Though the City has not yet identified other potential projects, similar infrastructure funds and banks have been used around the world to fund public infrastructure. The PPP Canada Fund “works with provincial, territorial, municipal, First Nations, federal and private partners to support greater adoption of public-private partnerships in infrastructure procurement.” In its third year of operations, PPP Canada received 121 submissions for projects, of which 80 were from municipalities. More than 20 percent of the submissions were in transportation-related projects, 20 percent in water and wastewater and 12 percent in green energy.[7] One such project, the upgrading of the Evan-Thomas Water and Wastewater Treatment Facility is a “Design, Build, Finance, Operate, Maintain” project, where the private company performs the afore mentioned tasks and receives payments from the government in return. Alberta, Canada will maintain ownership of the asset, but will pass on some risks to the private company, lowering the cost of improving the asset. For more information about how P3 financing works, see this presentation from the Civic Federation’s 2012 P3 Conference.

The Legislative Process 

Introduced by the Mayor to the City Council on March 14, 2012, the Infrastructure Trust ordinance was examined by Council members for approximately five weeks before passage. In response to initial concerns, Mayor Emanuel issued a substitute ordinance that strengthened the FOIA compliance language, improved language about financial reporting and added a member of the City Council to the Board of Directors among other edits.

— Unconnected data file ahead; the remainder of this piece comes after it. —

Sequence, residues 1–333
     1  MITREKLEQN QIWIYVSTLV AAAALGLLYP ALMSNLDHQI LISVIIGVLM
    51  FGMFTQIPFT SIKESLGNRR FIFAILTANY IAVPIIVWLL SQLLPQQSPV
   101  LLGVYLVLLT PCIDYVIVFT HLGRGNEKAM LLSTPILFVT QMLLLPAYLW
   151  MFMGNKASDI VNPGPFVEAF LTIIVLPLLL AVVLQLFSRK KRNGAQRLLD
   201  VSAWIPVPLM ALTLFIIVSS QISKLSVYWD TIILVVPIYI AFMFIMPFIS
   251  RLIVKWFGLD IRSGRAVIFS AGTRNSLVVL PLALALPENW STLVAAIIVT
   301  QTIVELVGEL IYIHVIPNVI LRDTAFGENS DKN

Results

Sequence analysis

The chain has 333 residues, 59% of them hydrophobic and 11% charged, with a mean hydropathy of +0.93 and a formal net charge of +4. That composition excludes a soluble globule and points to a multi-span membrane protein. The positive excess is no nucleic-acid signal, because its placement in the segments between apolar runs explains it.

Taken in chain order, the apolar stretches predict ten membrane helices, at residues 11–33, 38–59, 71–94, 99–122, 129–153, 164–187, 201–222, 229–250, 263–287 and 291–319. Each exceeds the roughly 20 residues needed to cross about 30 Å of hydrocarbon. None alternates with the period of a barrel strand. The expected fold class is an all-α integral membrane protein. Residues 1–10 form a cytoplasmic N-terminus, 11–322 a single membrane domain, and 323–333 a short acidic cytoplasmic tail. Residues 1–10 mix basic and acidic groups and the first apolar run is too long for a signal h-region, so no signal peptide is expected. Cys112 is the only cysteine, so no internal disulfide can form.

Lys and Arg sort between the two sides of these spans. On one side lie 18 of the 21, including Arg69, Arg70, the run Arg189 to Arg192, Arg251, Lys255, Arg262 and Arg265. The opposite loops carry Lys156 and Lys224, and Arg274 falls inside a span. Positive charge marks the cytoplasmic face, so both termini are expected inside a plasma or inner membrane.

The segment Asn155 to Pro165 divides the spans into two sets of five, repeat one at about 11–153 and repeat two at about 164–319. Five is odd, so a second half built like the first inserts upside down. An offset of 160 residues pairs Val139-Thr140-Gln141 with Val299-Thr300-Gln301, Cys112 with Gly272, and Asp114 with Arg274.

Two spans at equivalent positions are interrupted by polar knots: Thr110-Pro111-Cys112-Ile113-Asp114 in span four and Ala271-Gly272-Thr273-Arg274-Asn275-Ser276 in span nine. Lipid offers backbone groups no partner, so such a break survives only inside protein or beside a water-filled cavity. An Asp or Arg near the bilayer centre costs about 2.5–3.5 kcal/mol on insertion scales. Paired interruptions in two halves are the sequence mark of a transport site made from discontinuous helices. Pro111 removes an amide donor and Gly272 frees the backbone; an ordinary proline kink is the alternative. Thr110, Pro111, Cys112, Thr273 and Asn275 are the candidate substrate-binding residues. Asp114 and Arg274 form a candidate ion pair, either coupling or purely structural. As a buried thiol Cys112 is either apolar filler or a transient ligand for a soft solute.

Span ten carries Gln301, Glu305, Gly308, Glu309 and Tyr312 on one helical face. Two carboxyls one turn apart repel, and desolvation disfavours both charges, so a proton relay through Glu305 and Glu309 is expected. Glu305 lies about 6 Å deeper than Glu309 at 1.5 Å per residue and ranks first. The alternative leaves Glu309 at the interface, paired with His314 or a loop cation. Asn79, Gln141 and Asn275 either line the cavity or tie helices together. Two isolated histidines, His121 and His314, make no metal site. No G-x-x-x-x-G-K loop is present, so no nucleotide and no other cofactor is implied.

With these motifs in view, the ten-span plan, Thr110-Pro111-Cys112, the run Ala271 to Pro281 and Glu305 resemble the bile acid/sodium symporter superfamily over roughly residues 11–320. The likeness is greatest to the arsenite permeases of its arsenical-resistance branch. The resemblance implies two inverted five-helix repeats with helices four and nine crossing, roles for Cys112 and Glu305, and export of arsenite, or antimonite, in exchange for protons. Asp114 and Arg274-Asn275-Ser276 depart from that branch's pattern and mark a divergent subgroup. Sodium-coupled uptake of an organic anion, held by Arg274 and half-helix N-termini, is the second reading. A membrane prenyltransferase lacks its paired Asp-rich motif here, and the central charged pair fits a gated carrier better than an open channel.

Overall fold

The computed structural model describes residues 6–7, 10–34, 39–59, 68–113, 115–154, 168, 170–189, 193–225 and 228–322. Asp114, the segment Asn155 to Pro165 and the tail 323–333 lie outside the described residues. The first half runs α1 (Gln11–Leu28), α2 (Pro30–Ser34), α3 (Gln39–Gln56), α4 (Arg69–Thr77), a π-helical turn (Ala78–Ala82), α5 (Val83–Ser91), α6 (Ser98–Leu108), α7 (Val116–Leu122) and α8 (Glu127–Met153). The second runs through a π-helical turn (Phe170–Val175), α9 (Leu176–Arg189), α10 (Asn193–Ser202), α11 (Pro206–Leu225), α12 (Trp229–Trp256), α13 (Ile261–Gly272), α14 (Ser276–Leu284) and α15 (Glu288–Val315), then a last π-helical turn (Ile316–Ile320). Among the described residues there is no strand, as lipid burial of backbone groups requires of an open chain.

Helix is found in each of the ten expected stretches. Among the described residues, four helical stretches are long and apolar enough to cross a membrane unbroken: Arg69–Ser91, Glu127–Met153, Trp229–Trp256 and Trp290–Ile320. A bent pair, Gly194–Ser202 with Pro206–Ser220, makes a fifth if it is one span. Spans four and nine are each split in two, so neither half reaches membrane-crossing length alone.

The substitute ordinance was debated in the Finance Committee on April 16, 2012, where CFO Lois Scott responded to questions from aldermen on transparency and the FOIA exemption, oversight by the City Council of City-related projects and coordinate government projects, increases in user fees for City-owned or coordinate government-owned assets and whether there was sufficient time to examine the ordinance. The Finance Committee voted in favor of the ordinance with a vote of 11-7. The seven opponents were Aldermen Dowell, Hairston, Lane, Cochran, Munoz, Waguespack and Reilly. The aldermen most strongly objected to what they considered to be inadequate oversight and transparency measures.

In response to the concerns raised in the Finance Committee, Mayor Emanuel announced that he would issue an executive order establishing an independent financial advisor to represent the public’s interest. In addition, the Order mandates the Trust to commission an independent third party to conduct an annual review of the Trust’s activities.

At the April 24th City Council meeting, Aldermen Fioretti and Waguespack both offered amendments to Mayor Emanuel’s ordinance. Alderman Waguespack’s substitute ordinance would give the City Council approval authority over all transactions of the Trust including those of coordinate units of government. It also required quarterly reports instead of annual reports and included additional oversight mechanisms and language related to the Trust’s transparency. The amendments were tabled by votes of 39-9 and 40-8, respectively.

The final vote on the Mayor’s Infrastructure Trust ordinance was 41-7 with Aldermen Arena, Fioretti, Foulkes, Hairston, Munoz, Reilly and Waguespack voting against the measure.

[1] These units of government include the Public Building Commission of Chicago, the Chicago Transit Authority, the Chicago Board of Education, Community College District Number 508 (City Colleges of Chicago), the Chicago Park District and the Chicago Housing Authority.

[2] Section 5(e), 5(f) and 5(i).

[3] Section 6.

[4] Communication from the meeting of the Finance Committee of the Chicago City Council, April 16, 2012.

[5] City of Chicago, “Mayor Emanuel Announces Chicago Infrastructure Trust to Invest in Transformative Projects,” press release, March 1, 2012.

[6] City of Chicago, “Mayor Emanuel Announces Chicago Infrastructure Trust to Invest in Transformative Projects,” press release, March 1, 2012.

[7] See Overview and Milestones of PPP Canada on their website available at (last visited April 25, 2012).